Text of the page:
Thursday, November 27, 2008

Portland Pudgy Part 4 - 204

Note: If you got here by another web site or referral, this is only part of a series.  See the entire series.  Click here and start from the bottom.
The next most important thing about our Portland Pudgy is it's durability.  When you are a full time cruiser you use your dingy differently than when you are leaving from your home slip and coming back.  The dingy becomes a critical part of your day.  In the above picture we dragged our dingy up on the rocks and left it there for the day while we hiked to a nearby town.  The material the hull is made out of can handle this kind of abuse, unlike our inflatable or our plywood dingy.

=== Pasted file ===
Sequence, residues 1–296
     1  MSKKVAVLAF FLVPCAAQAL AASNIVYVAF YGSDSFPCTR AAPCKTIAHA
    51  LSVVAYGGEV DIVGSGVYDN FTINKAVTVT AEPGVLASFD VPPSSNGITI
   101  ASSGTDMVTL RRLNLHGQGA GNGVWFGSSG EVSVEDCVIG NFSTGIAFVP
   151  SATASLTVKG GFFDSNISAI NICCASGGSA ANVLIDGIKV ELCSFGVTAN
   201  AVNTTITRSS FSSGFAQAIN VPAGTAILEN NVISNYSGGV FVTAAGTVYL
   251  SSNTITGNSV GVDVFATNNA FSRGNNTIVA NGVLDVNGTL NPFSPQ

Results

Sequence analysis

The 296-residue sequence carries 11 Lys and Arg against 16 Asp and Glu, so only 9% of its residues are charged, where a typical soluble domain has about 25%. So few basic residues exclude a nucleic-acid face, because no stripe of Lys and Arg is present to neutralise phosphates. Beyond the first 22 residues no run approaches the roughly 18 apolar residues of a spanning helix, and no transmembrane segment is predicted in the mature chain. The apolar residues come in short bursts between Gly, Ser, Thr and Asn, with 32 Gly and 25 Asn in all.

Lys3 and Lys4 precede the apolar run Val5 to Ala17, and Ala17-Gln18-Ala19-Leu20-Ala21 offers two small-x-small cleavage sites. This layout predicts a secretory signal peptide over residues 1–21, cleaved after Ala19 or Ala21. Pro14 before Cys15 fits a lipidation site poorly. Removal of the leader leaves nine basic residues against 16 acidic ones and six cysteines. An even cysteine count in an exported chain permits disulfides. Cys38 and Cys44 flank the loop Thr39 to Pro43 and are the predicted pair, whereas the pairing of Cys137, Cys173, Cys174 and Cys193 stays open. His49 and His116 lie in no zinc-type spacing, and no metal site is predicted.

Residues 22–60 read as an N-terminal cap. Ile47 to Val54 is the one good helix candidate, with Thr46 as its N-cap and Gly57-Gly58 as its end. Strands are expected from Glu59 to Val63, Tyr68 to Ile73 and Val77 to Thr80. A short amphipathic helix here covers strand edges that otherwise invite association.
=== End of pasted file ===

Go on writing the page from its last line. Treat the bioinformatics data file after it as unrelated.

This is our boat Precipice hard aground in a port called "Les Mechins".  The tide went out another two feet from this picture, leaving Precipice nearly high and dry.  In order to keep our boat from tipping over and getting damaged (we were surrounded by nice pointy rocks) we ran a halyard from from the top of the mast to each side of the boat tied to two anchors.  I rowed the anchor out with the dingy.  When my wife handed our 45lb. CQR to me while I was standing in the Pudgy it got dropped.  The drop was four feet and landed square in the center of the Pudgy.  Pudgy didn't budge.  None of our three previous dingy's would have survived this abuse.  Also, aside from the inflatable, I wouldn't be standing up in any of them either.  It was on this day, when we spent six hours getting our boat out of the clutches of some nasty rocks, that I was completely happy with my purchase of the Pudgy.   The floor of the dingy and the bottom of the dingy are bonded together with a two inch layer of closed cell foam.  It is incredibly durable.  

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